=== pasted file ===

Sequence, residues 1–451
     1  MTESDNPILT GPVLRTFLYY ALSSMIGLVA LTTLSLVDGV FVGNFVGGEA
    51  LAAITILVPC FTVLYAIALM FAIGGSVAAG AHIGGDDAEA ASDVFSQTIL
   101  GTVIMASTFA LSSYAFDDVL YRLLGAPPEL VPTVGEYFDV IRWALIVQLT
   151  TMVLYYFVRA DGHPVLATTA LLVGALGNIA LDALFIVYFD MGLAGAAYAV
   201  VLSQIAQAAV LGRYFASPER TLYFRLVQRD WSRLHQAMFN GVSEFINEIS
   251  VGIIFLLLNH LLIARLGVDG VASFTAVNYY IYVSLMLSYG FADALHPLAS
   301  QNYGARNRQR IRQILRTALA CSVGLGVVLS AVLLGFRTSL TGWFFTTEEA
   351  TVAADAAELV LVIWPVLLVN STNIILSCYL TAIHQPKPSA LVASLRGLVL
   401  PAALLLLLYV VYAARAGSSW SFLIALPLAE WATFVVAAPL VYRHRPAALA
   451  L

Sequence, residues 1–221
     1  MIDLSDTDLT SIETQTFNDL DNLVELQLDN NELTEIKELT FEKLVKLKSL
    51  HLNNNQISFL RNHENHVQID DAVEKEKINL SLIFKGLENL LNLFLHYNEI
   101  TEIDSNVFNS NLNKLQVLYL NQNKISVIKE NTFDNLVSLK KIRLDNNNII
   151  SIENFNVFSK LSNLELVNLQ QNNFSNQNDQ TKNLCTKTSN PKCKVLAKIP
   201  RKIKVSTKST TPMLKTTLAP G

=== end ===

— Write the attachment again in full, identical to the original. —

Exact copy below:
Sequence, residues 1–451
     1  MTESDNPILT GPVLRTFLYY ALSSMIGLVA LTTLSLVDGV FVGNFVGGEA
    51  LAAITILVPC FTVLYAIALM FAIGGSVAAG AHIGGDDAEA ASDVFSQTIL
   101  GTVIMASTFA LSSYAFDDVL YRLLGAPPEL VPTVGEYFDV IRWALIVQLT
   151  TMVLYYFVRA DGHPVLATTA LLVGALGNIA LDALFIVYFD MGLAGAAYAV
   201  VLSQIAQAAV LGRYFASPER TLYFRLVQRD WSRLHQAMFN GVSEFINEIS
   251  VGIIFLLLNH LLIARLGVDG VASFTAVNYY IYVSLMLSYG FADALHPLAS
   301  QNYGARNRQR IRQILRTALA CSVGLGVVLS AVLLGFRTSL TGWFFTTEEA
   351  TVAADAAELV LVIWPVLLVN STNIILSCYL TAIHQPKPSA LVASLRGLVL
   401  PAALLLLLYV VYAARAGSSW SFLIALPLAE WATFVVAAPL VYRHRPAALA
   451  L

Sequence, residues 1–221
     1  MIDLSDTDLT SIETQTFNDL DNLVELQLDN NELTEIKELT FEKLVKLKSL
    51  HLNNNQISFL RNHENHVQID DAVEKEKINL SLIFKGLENL LNLFLHYNEI
   101  TEIDSNVFNS NLNKLQVLYL NQNKISVIKE NTFDNLVSLK KIRLDNNNII
   151  SIENFNVFSK LSNLELVNLQ QNNFSNQNDQ TKNLCTKTSN PKCKVLAKIP
   201  RKIKVSTKST TPMLKTTLAP G